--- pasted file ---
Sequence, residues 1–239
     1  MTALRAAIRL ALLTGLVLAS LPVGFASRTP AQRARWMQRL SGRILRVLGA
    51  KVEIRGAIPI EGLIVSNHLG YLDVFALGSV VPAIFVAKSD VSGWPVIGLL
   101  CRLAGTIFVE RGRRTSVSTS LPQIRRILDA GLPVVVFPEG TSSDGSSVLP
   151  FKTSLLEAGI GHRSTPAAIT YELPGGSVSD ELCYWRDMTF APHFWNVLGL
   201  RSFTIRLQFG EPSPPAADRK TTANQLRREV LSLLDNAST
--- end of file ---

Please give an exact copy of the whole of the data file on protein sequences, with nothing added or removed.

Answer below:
Sequence, residues 1–239
     1  MTALRAAIRL ALLTGLVLAS LPVGFASRTP AQRARWMQRL SGRILRVLGA
    51  KVEIRGAIPI EGLIVSNHLG YLDVFALGSV VPAIFVAKSD VSGWPVIGLL
   101  CRLAGTIFVE RGRRTSVSTS LPQIRRILDA GLPVVVFPEG TSSDGSSVLP
   151  FKTSLLEAGI GHRSTPAAIT YELPGGSVSD ELCYWRDMTF APHFWNVLGL
   201  RSFTIRLQFG EPSPPAADRK TTANQLRREV LSLLDNAST